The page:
WGA has become an important tool to generate additional DNA when working with limited biological sample. WGA is especially pertinent for genetic susceptibility studies of pediatric cancer, when buccal brushes may be the preferred sample collection method due to the age or ability of the child. Recent studies have applied WGA to buccal brush DNA using the improved primer extension preamplification (I-PEP)-PCR method. Although DNA has been successfully amplified, there have been reports of discrepancies between WGA DNA and non-WGA DNA. We applied two commercially available kits to proteinase K-digested DNA isolated from buccal brush samples from 14 individuals and to 8 buccal brush samples directly to evaluate genotypes for four selected single nucleotide polymorphisms (SNPs) including: excision repair cross-complementing 2 (ERCC2) (Lys751Gln), uncoupling protein-3 (UCP3) (C-55T), paraoxonase 1 (PON1) (Gln192Arg), and methionine synthase (MTR) (A2756G). Selected SNPs were low to medium in GC content (36-57%) and none occurred in the telomere. For the 14 samples, an aliquot of purified DNA was set aside (non-WGA DNA), while another was diluted to 20ng/μl and processed as recommended for WGA. For the 8 samples, WGA was applied directly to the brush. Following WGA, samples were purified and resuspended. DNA concentrations for the 14 WGA reactions ranged from 169-357ng/μl compared to 30-1735ng/μl for non-WGA DNA. For the 8 brush samples applied directly to the WGA reactions, concentrations ranged from 5-895ng/μl. Samples were diluted for use in genotyping assays using two platforms: TaqMan polymerase chain reaction and restriction-fragment length polymorphism. Results were verified using direct sequencing. A range of discrepancies was found for the buccal brush WGA DNA compared to the non-WGA DNA for 3 of 4 SNPs tested (all samples matched for PON1, while 3/14 (21%) conflicted for ERCC2). Similar discrepancies were observed with WGA applied directly to buccal brushes. Importantly, discrepancies in WGA DNA samples manifested as a perceived loss of an allele informative for a heterozygote individual. Repeat WGA produced similar results. Given the discrepancies observed through repetitive testing using different platforms, we recommend caution in using commercially available WGA kits for SNP assays using buccal brush DNA. This work was supported by NIH R01 CA79940 and the Children’s Cancer Research Fund.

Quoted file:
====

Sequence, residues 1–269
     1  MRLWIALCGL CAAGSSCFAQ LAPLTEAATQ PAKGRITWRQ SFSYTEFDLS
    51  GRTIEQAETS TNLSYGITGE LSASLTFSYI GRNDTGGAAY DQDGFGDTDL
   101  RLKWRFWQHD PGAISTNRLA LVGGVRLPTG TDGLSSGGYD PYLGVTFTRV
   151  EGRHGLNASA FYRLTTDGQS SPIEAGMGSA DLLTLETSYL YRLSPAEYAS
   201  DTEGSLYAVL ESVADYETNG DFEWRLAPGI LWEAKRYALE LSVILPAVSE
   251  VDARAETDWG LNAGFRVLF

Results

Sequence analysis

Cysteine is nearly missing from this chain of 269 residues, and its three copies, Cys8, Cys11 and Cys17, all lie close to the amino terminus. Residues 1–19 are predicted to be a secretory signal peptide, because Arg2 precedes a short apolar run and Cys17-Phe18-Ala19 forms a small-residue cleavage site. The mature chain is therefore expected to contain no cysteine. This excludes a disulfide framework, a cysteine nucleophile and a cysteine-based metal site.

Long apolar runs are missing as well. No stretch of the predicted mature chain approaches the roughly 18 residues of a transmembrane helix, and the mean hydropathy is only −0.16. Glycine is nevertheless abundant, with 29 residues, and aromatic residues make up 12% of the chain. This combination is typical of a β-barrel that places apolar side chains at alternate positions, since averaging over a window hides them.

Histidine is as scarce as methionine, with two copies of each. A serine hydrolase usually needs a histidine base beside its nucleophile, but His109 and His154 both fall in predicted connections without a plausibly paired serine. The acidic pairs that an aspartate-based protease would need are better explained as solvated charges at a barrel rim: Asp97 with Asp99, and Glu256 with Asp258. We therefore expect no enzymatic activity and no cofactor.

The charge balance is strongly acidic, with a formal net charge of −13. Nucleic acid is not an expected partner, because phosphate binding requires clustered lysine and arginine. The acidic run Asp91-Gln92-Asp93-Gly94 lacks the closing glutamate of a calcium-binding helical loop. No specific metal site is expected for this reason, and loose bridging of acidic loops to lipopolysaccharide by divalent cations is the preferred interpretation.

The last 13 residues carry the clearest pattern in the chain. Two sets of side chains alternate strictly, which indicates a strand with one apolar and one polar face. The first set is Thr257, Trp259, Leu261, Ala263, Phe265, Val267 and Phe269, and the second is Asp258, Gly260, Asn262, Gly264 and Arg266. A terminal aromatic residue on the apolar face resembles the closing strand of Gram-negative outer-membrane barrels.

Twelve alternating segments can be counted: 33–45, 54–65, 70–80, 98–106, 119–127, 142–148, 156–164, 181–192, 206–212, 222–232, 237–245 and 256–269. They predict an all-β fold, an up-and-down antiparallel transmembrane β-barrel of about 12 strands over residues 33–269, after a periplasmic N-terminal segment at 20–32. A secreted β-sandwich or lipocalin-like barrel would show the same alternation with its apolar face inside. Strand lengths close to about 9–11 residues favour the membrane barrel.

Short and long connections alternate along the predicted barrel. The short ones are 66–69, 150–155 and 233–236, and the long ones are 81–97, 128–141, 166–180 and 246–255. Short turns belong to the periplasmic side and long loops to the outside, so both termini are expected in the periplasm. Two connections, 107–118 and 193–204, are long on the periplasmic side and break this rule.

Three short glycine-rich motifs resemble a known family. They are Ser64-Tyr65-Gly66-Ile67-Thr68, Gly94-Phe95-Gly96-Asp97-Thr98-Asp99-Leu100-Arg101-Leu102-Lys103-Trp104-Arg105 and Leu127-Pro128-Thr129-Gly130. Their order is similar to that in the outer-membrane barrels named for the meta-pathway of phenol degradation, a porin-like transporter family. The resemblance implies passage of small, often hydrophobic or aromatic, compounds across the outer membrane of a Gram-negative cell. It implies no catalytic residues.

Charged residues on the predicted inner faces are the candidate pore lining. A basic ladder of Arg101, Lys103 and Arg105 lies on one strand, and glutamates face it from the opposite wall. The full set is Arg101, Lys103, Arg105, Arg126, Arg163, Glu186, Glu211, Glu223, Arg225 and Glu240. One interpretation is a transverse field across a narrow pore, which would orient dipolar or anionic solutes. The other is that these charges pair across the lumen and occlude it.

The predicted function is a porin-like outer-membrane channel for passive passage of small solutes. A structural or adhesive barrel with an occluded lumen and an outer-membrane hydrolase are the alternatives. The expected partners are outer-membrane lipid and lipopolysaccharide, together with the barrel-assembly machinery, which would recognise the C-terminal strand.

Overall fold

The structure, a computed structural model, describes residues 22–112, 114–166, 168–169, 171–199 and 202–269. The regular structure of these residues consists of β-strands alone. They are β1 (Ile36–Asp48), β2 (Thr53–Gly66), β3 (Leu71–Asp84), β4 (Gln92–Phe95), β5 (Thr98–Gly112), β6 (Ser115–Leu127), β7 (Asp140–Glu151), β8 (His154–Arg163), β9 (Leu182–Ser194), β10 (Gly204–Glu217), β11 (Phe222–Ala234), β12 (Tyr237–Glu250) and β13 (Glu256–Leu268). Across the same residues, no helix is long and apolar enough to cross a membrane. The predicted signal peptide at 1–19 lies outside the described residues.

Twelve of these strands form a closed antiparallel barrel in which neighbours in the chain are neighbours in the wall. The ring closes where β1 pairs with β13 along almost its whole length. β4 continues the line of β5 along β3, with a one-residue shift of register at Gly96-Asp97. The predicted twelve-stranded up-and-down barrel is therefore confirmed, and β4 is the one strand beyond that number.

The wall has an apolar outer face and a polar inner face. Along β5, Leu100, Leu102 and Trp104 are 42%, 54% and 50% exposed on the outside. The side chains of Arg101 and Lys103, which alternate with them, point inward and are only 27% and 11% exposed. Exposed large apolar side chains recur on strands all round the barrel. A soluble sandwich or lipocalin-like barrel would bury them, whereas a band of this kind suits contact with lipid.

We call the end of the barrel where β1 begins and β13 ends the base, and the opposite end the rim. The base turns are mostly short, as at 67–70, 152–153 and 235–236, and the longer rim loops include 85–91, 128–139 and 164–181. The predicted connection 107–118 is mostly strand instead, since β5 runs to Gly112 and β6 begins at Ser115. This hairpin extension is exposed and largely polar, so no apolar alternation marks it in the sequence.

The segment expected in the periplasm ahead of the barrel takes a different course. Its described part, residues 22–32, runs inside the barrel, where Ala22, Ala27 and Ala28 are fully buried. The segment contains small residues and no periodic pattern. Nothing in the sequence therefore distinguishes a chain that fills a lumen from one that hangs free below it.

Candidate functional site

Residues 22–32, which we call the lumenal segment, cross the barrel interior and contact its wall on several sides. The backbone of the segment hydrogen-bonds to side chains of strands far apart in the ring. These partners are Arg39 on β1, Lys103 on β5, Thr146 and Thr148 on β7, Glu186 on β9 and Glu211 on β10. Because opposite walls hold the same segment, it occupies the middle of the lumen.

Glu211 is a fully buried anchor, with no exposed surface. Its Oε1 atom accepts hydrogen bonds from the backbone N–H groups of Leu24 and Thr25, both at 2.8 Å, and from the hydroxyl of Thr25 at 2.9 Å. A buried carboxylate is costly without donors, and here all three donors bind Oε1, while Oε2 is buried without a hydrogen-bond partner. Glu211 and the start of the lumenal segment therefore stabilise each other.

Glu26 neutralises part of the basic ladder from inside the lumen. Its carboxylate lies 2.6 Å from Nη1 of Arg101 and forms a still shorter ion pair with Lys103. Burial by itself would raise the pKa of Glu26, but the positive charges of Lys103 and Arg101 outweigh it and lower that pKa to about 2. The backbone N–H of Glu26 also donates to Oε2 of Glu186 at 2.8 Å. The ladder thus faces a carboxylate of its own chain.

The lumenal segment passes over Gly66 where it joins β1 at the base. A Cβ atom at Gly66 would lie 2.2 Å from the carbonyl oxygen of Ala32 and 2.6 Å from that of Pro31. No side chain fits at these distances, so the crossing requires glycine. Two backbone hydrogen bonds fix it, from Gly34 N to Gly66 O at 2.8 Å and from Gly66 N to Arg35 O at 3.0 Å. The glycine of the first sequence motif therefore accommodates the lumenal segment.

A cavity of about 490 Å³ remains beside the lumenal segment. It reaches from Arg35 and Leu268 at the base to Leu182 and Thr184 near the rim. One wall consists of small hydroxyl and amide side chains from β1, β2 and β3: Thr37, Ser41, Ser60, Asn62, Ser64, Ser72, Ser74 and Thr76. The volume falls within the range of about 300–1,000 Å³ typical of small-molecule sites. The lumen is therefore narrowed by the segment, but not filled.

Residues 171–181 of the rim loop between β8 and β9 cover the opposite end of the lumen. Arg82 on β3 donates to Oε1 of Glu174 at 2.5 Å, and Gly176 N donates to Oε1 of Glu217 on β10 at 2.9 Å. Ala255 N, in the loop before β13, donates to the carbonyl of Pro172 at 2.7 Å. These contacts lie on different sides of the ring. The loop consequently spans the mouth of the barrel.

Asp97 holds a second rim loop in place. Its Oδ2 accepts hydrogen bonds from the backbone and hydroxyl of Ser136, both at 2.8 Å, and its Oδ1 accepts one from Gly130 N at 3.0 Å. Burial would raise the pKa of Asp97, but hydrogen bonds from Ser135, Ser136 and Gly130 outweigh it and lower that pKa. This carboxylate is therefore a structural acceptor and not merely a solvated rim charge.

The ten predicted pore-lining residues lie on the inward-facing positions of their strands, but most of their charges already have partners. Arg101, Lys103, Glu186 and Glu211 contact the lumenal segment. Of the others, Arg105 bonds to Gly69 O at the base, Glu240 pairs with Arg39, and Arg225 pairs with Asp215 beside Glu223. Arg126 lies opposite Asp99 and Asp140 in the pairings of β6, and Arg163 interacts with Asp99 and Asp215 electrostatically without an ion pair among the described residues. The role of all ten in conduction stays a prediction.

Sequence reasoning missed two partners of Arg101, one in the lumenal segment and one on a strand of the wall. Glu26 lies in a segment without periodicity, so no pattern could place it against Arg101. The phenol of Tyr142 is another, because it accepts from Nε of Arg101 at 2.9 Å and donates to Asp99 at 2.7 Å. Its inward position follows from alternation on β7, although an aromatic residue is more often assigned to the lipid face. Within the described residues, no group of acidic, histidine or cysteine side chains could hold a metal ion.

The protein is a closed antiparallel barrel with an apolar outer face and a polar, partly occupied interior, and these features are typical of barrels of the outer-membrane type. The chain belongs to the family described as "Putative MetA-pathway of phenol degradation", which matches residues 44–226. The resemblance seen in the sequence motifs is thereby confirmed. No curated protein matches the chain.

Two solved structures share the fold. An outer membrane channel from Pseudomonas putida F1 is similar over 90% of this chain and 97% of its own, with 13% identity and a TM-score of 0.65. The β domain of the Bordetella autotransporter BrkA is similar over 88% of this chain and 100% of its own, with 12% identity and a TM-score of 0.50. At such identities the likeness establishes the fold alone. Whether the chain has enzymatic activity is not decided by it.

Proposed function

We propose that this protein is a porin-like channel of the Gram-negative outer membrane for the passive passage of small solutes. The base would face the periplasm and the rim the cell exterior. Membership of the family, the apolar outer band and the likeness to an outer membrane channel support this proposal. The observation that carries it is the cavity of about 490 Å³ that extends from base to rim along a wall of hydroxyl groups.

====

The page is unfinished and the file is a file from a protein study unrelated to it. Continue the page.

[Proc Amer Assoc Cancer Res, Volume 46, 2005]